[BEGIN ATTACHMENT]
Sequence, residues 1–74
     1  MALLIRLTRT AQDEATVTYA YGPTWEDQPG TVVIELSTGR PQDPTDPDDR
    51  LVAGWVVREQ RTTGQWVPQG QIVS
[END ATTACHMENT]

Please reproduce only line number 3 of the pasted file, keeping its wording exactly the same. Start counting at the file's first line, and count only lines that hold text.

    51  LVAGWVVREQ RTTGQWVPQG QIVS